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Why Jane Austen Would Like My Novel by Garry Craig Powell

The author, wearing a blazer with the arms of Cambridge University

Recently, Our Parent Who Art in Heaven had its first (and so far, only) one-star rating on Goodreads. No review was left - probably because 'Emma', who made the rating, had not read the novel - otherwise, if she (or they) had good reasons for despising the book, why not give them? I respect anyone's opinion, provided there are reasons for it; the novel also has a three-star rating, and although I don't agree with everything the author says (because it appears that his caveats are ideological rather than literary), at least he does have some cogent arguments. However, I must confess that a poor rating with no review seems to me a spiteful and cowardly thing to do. It left me wondering who 'Emma' might be.

My suspicion that Emma did not read the novel is based on the fact that the rating appeared just days after publication, when only a handful of copies had been sold - and all or nearly all of them were sold to people whose identity I know. It's possible that some woke person got hold of an e-book and read it, or it may have been someone to whom one of the more than 20 Advance Review Copies were sent. But more likely Emma is simply someone who dislikes me personally - an ex-student with a grudge because I gave them a poor grade, or conceivably an ex-colleague who felt that I was lampooning him or her - wrongly.

The single name - the forename or Christian name, if anyone still uses that term - is almost certainly a pseudonym. At least I know no Emma. But the name made me wonder whether this malicious person might be a Jane Austen fan. And then it struck me that in fact, Jane herself would almost certainly have enjoyed my novel. At least, her novels have been a real influence on me, and I think Our Parent Who Art in Heaven has quite a bit in common with the novels of Miss Austen. Those novels may seem to be romances, and indeed there are love stories in them (as there are in mine), but essentially they are comedies, social satires that mercilessly skewer the pretentious, the hypocritical, the unfeeling, the snobbish, and the unintelligent - not so much the simple and honest unintelligent, for whom Jane has sympathy, but above all the affected and pretentious unintelligent, who believe themselves to be far brighter than they are. And my novel shares all these features. There are even several love stories in it - including one that's quite as ideal and romantic as Jane's are.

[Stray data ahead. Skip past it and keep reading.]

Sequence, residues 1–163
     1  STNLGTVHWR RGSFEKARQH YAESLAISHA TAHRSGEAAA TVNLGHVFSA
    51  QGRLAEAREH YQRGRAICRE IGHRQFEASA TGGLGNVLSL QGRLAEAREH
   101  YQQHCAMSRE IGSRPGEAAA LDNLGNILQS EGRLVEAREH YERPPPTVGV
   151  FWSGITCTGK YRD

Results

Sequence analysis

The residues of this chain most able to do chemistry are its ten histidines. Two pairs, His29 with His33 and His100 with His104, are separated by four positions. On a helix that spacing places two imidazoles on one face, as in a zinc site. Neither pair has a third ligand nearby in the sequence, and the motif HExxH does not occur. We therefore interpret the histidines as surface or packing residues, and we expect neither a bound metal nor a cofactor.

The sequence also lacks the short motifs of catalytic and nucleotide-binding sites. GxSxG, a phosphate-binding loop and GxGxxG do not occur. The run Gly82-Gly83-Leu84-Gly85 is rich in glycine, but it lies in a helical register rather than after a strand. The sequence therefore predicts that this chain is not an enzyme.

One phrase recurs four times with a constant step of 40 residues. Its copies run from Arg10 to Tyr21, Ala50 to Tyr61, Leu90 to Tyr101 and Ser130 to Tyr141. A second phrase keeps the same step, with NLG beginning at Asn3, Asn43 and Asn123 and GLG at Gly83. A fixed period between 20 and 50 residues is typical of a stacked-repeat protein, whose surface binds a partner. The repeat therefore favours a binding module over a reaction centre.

So I think true Austen fans - the sensitive and intelligent ones, who understand her novels - are likely to enjoy Our Parent Who Art in Heaven. Just as Austen's work is slyly feminist (rather than aggressively so), I would argue that mine is too. And while there's a rather despicable male character in it, the simp and cuck, Melvyn Shamburger, there's also Huw Lloyd-Jones, a hero of integrity and dignity, on a par with Mr Knightley. Don't believe me? Read the novel yourself, and see what you think. And if you rate it on Goodreads, please leave a review!

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